A mini-concept album for people who remember the space race.
If you remember what you were doing when Challenger exploded; if you remember the voice of Walter Cronkite talking about Columbia and The Eagle, this album will hit home.
When a musician/composer takes on the role of illustrating or interpreting world events, something feels right. Isn’t that what artists are supposed to do? In this new release, which is Michael Chambers’ premiere collection of recorded compositions, just released on Maisonneuve Music, we have a first, beautiful example of the “space race” being set to music.
Geeks get in line. This is very, very cool stuff.
Congratulations to the composer.
Here’s some more background. Purchasing information at the bottom of this post.
The first solo effort of Canadian producer and recording engineer Michael Chambers, A Brief History Of American Space Travel is a meticulously told story of the American space program from 1958 to 2011. At 29 minutes in length, it’s a mini concept album that reveals new details with each listen.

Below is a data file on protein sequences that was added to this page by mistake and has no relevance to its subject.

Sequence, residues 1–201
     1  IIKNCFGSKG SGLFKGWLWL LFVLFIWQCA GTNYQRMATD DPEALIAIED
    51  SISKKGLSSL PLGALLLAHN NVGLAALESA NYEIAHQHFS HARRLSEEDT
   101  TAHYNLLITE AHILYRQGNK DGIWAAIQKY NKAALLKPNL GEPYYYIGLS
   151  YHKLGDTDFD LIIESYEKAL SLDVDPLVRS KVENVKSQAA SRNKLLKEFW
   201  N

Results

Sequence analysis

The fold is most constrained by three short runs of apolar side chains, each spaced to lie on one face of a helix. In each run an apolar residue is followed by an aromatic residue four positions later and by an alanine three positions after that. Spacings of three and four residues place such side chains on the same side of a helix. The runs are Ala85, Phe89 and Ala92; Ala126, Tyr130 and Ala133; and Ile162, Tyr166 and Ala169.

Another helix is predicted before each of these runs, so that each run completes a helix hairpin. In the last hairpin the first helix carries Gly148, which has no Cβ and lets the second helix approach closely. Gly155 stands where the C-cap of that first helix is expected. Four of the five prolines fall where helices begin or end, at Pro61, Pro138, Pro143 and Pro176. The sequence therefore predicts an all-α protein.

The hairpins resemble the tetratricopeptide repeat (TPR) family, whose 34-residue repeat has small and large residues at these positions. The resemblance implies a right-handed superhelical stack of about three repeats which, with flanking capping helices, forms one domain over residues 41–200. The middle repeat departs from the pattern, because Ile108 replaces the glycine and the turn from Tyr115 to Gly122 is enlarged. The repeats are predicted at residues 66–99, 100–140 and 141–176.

Chambers fuses French downtempo, 1990s post-rock and the experimental nature of mad men like Brian Eno and Steve Reich into post-rock inspired intelligent dance music. Spawned from song fragments recorded between sessions for other artists along with a lifelong obsession with the American space program, the album takes its narrative shape from original NASA audio archive files.
This is one of those records that was created with the studio used as an instrument, with Chambers mixing synths and sampling techniques with guitars, bass and banjo. Much like the historic events that it chronicles, it’s a journey full of ups and downs, juxtaposed emotions and tremendous attention to detail.
A Brief History of American Space Travel by moon:and:6 is available now on: